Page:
→ Don’t ask a non-drinker why they don’t drink

storm_cloaks, commenting on a Reddit thread:

As a non-drinker, answering the “why don’t you drink?” question is always annoying. Generally speaking, I think it’s poor etiquette to ask someone why they don’t drink, and it saddens me that most people don’t feel the same. First, its really none of their business. Second, asking someone to justify a personal choice at a party is a total killjoy, and it clearly creates a separation between the non-drinker and the drinker that’s asking. Going out of your way to point out the fact that someone’s different from you, *especially in a situation that’s supposed to be festive is totally ridiculous, if not offensive. I understand the curiosity, but it would be rude and odd if I asked people at a party “why do you drink?”

I love that explanation. I couldn’t have put it any better myself. On several occasions I have been asked by friends and acquaintances why I don’t drink. 90% of the those times, I have been made fun of and called a pussy for not drinking. I have never understood why people who drink or want to drink feel compelled to ask why the people around them don’t. It’s OK to offer somebody a drink, but not at all OK to ask them why they don’t. It is OK if you are truly curious why somebody doesn’t drink, but I feel that people who drink don’t honestly care about the reason why somebody doesn’t drink. I mean, are they looking for reasons to justify quitting? Or looking for lack of justifiable reasons to justify their drinking?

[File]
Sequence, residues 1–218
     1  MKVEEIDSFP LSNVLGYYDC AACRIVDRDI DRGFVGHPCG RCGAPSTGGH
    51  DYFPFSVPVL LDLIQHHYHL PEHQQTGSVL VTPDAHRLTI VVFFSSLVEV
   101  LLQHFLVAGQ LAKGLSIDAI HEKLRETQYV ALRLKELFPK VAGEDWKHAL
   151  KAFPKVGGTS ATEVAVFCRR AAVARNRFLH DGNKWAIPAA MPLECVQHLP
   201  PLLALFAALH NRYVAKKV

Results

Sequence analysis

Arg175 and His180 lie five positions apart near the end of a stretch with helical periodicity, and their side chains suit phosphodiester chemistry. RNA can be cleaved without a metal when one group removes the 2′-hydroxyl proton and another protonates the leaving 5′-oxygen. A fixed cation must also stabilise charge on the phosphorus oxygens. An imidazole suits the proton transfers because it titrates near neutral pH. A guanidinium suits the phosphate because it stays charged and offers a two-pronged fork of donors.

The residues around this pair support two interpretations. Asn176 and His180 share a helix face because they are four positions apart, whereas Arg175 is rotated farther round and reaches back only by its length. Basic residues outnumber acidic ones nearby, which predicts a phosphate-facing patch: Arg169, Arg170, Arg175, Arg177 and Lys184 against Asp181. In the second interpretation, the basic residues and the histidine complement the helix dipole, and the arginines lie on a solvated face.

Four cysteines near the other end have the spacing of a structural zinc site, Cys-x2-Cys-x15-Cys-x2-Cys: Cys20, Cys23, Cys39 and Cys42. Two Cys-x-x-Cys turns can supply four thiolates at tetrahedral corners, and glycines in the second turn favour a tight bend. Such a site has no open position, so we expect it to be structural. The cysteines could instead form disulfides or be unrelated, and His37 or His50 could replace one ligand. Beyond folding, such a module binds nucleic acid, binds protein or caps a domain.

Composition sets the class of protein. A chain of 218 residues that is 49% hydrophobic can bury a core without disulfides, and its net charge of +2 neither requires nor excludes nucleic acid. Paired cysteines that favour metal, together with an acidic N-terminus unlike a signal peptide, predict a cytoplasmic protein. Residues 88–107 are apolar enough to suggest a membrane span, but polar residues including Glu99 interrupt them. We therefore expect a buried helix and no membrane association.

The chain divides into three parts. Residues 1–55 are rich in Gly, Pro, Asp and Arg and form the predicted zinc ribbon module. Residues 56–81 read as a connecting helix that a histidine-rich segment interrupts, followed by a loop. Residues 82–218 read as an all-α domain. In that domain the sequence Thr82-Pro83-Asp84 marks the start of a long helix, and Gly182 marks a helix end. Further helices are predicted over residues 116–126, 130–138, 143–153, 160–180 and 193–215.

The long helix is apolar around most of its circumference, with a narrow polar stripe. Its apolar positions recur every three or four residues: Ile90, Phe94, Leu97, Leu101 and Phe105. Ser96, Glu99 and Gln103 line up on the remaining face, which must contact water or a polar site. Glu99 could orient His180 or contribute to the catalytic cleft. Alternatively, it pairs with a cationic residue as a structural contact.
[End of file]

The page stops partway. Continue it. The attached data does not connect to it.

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There is more to life than …

I came across this short but extremely powerful post on the gapingvoid blog. It not only moved me but forced me to question myself, to ask myself what is it that I’ve done in my life. I thought it needed to be reproduced in full here, with proper attribution.

To paraphrase Seneca, the tragedy isn’t that life is short, the tragedy is that we waste so much of it.

The other types of tragedy, the more violent kind, never worry me too much, thankfully. I never lost much sleep, worrying about wars or serial killers or whatever.

But the thought of getting to the end of my life and realizing that I had wasted most of it, that froze my blood.

As it should…

To this day, I remember that day in the summers of 2008 when I decided to pack and seal my laptop inside my cupboard, and board a one-way plane to Quetta to spend a month with relatives away from everything I did at home, far, far away from any form of technology. All I had when I reached the airport were a bag full of clothes, a book, and my cellphone (I decided to carry so that I could keep in touch with parents).

One month later when I returned, I had an incredibly painful realization dawn on me. I felt I had wasted an entire month of my life doing absolutely nothing. I thought of all the ways in which I could’ve spent that month that would’ve meant something meaningful to me, or of all the productive things I could’ve done that would’ve helped me and/or my never ending quest for knowledge and for doing things that matter. I couldn’t come to terms with the fact that I had wasted over thirty days, doing nothing more than resting, reading a book that was purely fiction, and socializing with limited relatives.

People take breaks, vacations, to cut themselves away from their hectic lives in order to refresh themselves, to revitalize themselves, to save themselves from the risk of burning out. When they come back to their lives after such breaks, they feel energized  and ready to again take on the mountains that lay before them.